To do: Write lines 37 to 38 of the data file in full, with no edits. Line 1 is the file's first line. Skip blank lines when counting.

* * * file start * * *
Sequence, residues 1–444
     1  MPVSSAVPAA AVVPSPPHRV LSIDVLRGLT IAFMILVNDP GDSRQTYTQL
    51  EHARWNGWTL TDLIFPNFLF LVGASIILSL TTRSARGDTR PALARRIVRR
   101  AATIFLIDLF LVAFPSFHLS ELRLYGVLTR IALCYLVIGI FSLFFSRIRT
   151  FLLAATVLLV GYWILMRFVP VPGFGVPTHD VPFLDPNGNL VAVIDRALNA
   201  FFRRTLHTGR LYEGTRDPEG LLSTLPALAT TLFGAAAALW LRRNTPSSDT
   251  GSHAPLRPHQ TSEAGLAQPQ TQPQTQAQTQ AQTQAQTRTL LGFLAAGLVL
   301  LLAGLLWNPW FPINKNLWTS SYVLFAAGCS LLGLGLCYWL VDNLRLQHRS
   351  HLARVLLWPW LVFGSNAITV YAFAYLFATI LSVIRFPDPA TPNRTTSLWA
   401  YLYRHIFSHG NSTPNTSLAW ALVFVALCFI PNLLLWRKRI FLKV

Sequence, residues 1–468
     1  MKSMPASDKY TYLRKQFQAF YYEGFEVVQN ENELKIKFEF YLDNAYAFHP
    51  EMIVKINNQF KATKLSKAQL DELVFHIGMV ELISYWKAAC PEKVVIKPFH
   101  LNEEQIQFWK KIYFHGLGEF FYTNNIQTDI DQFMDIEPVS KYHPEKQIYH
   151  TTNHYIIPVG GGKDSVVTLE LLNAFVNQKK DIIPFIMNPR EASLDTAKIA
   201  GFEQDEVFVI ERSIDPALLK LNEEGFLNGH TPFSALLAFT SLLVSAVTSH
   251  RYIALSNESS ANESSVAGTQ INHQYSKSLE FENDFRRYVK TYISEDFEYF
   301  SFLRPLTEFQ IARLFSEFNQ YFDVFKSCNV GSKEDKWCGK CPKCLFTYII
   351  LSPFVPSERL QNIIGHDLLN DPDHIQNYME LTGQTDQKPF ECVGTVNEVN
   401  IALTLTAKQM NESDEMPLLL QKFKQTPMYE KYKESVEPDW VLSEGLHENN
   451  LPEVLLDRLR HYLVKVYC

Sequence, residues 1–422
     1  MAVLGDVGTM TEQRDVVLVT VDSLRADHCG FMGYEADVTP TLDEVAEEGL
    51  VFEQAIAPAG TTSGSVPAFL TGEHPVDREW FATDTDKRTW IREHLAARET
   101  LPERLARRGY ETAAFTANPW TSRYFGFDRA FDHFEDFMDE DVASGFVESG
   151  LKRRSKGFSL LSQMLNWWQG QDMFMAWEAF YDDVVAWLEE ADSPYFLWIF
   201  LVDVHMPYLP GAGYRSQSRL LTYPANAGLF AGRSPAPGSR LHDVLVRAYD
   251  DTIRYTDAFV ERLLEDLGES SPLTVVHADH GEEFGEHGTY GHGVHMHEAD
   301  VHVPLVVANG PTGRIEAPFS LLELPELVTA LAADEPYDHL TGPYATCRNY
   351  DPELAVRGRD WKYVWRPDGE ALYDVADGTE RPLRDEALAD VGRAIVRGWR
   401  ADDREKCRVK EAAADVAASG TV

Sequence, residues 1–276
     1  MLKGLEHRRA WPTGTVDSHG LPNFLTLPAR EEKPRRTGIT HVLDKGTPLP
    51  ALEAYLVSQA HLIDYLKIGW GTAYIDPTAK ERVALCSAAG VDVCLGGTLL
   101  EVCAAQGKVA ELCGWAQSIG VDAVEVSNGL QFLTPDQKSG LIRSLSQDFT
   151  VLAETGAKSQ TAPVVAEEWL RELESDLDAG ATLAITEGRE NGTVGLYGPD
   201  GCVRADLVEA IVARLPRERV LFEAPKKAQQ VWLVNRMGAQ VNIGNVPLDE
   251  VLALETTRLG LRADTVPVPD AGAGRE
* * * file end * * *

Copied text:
   201  GCVRADLVEA IVARLPRERV LFEAPKKAQQ VWLVNRMGAQ VNIGNVPLDE
   251  VLALETTRLG LRADTVPVPD AGAGRE